Hamilton has become an increasingly popular destination for production companies to film their projects. From Netflix’s Umbrella Academy to Marvel Studios’ The Incredible Hulk, pictures of all genres were created on the streets that we call home. One such movie is an indie project called Speak Your Mind, directed by Hamilton-born Cyrus Baetz.
Baetz called Dundas home throughout his high school years. When he graduated, he decided to pursue a path in public relations at Humber College. At Humber, Baetz tried out an acting for film and television course for a year and then decided to complete a course on intensive film studies at Ryerson University. Since Baetz completed his studies, he has focused on film, writing, directing and editing two short films and two feature-length projects.
Recently, the director has been working on his latest flick, Speak Your Mind. The film revolves around a struggling actor who was told by his therapist to express everything and anything that is on his mind. He struggles to walk the line between what is socially acceptable and what is honest enough to satisfy his own conscience.
“Speak Your Mind came from a desire to work with [Steve Kaszas]. I have worked with him on a short film called Blue Collar Buddha . . . He was so special, so talented in the audition and he showed up for the film and really sort of stole the show . . . so I wanted to work with him and I wrote an entire feature script,” said Baetz.
Writing film is a methodical process for Baetz. He likes to work and write by himself, setting time aside each day to chip away at scripts. However, for this production, Baetz was operating under a tight time constraint as he wanted to film in Hamilton, but he was set to move to Brooklyn at the end of 2017. Since he had started the script at the beginning of the new year, there was little time to make final revisions before going into production.
Indie films work on far different schedules than those of major motion pictures. Although each have their benefits, Baetz looks more to the indie side of the industry.
“The benefits of the more indie style of the film, once we auditioned the actors, we were able to do a pretty intense rehearsal process . . . it let us perfect the scenes and dig deep in the dynamics, that way we showed up on set and the actors felt comfortable and prepared,” said Baetz.
Post-production, Baetz sat down with his laptop and cut together his film from start to finish. This time, he was no longer pressed with a tight timeline. Finishing the final edit of a project that had occupied so much of his time, Baetz was able to reflect on the movie as a whole.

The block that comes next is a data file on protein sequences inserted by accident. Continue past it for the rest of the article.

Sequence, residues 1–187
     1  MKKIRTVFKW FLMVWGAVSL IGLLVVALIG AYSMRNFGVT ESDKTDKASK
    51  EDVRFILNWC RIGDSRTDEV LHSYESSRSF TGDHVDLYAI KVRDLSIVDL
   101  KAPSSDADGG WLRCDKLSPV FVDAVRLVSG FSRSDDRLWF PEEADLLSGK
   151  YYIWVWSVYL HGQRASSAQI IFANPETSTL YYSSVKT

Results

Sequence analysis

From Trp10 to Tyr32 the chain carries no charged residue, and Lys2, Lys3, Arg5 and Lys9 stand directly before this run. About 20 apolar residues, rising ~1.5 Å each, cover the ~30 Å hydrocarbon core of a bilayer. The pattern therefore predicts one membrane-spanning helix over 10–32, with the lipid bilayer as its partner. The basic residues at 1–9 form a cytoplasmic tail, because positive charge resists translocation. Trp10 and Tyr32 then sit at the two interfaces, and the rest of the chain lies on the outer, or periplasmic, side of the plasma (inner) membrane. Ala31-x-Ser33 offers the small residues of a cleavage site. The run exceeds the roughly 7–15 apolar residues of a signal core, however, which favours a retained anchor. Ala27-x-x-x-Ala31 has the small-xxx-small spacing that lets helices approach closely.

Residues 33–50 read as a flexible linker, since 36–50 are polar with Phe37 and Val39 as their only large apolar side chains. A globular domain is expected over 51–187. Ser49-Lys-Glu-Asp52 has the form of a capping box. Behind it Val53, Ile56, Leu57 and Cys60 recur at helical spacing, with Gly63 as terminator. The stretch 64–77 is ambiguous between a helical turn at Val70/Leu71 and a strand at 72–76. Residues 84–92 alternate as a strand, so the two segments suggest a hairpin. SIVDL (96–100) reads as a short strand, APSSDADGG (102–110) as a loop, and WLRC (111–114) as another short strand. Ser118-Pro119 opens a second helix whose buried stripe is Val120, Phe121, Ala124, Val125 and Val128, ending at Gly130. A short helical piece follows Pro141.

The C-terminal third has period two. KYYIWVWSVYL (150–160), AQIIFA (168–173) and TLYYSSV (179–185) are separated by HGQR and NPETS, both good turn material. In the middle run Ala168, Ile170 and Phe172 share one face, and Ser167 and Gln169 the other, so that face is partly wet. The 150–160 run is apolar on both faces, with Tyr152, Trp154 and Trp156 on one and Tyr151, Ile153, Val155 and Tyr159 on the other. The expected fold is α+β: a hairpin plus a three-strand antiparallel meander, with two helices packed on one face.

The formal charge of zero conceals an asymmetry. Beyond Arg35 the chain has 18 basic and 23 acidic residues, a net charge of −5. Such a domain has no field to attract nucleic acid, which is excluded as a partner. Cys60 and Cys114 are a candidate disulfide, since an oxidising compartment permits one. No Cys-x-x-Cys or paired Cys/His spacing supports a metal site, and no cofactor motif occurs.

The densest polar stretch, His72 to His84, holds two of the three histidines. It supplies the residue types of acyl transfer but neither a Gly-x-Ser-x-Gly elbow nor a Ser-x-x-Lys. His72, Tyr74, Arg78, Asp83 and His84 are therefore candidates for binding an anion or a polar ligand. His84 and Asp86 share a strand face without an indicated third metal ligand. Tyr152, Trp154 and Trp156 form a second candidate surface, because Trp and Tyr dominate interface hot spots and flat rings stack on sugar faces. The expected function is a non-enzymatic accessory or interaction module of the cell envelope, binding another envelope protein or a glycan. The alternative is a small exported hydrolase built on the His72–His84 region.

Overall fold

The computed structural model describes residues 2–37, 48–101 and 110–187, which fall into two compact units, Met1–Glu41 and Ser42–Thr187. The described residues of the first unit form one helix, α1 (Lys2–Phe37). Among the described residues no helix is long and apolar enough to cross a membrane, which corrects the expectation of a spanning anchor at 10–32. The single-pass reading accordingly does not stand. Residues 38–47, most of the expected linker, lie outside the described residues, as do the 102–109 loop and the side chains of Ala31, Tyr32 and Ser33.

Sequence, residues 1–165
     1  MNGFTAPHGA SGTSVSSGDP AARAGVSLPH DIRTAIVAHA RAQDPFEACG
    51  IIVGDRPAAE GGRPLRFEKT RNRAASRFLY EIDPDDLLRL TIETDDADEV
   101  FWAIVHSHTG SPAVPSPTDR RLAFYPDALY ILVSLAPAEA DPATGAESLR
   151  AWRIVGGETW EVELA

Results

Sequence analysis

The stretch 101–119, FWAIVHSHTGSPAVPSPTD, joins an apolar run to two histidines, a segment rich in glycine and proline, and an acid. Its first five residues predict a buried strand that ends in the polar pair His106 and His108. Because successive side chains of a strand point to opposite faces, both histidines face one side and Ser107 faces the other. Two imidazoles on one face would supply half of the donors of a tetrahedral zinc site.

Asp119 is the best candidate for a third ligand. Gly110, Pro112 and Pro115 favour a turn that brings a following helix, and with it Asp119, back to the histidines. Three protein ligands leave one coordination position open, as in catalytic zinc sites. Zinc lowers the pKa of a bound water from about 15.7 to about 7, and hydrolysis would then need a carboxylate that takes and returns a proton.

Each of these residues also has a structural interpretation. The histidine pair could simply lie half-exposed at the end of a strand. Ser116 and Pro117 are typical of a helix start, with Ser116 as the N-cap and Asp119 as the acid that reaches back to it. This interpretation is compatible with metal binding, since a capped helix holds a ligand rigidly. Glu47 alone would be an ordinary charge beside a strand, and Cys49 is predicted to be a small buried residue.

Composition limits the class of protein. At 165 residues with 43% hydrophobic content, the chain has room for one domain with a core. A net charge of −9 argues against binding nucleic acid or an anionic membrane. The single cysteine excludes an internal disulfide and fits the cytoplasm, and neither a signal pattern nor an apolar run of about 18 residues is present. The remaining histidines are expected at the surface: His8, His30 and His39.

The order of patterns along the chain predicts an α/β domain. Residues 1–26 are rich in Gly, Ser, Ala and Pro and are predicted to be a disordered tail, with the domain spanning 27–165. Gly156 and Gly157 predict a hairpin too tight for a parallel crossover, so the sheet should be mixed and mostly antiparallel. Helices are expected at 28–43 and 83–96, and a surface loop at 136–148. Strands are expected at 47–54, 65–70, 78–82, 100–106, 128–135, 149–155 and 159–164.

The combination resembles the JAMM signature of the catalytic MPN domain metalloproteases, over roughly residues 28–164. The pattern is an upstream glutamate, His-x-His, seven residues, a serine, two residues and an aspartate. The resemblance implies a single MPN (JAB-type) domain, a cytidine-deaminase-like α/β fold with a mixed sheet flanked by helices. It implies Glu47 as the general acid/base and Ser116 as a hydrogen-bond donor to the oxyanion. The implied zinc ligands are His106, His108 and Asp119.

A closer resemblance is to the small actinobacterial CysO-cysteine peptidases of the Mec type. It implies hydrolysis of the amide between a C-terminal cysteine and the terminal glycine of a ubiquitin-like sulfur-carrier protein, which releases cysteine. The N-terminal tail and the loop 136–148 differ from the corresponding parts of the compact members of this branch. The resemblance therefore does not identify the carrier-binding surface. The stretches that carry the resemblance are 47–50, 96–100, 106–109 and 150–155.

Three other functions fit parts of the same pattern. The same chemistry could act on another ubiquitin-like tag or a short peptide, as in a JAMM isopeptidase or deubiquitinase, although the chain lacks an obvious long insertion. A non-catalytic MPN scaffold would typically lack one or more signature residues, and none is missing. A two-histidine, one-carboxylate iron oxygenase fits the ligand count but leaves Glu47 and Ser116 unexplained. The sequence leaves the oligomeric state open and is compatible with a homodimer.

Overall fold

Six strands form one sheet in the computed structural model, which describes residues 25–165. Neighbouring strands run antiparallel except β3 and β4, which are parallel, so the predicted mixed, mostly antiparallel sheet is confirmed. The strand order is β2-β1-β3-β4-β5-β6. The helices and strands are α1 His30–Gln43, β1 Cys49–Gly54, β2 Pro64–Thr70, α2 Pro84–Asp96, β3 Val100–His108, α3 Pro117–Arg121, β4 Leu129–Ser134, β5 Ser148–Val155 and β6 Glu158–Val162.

“The film is designed to be provocative but also very entertaining . . . at the end of the day it’s a comedy, a bit of a dark comedy at times but it’s still a comedy,” said Baetz.
Thus far, the film has been well received,. At the Toronto Independent Film Festival, it won the best no-budget feature, an award for films with budgets under $25,000. While the film has been popular with audiences thus far, Baetz hopes that patrons walk away with their eyes opened to the times that we live in.
“[On] a more personal level and more one-on-one based level, the idea is that we assume things about people based on what we see superficially on the fronts they give us and we think we know people who we’ve been in relationships with and [in] friendships with for years, in fact a lot of the time we don’t. Sometimes the only way to really get to know people is to humble yourself and not assume you know them and ask from a place of vulnerability,” said Baetz.
The Westdale movie theatre (1014 King St. W.) will host a screening of Speak Your Mind followed by a question and answer period with Baetz. While everyone is encouraged to come out and watch the film, the director believes that students especially will take something away from it.
“This film is perfect for students because it’s a film about young people . . . who [are] struggling to find their place in society, in their social circles and find their voice and their confidence,” said Baetz. The emotional yo-yo process that comes along with that, it’s also really relevant in terms of the conversations that any socially and politically engaged student inevitably has been having. It deals with that in a way that genuinely attempts to be fair to all parties and tries to point it in a direction where there’s a compassionate dialogue and I think that’s something that could hopefully be a productive and entertaining fable for any student to enjoy.”
Speak Your Mind will be screened at The Westdale (1014 King St. W.) on Thursday, Nov. 14 and will be followed by a question and answer period with director Cyrus Baetz.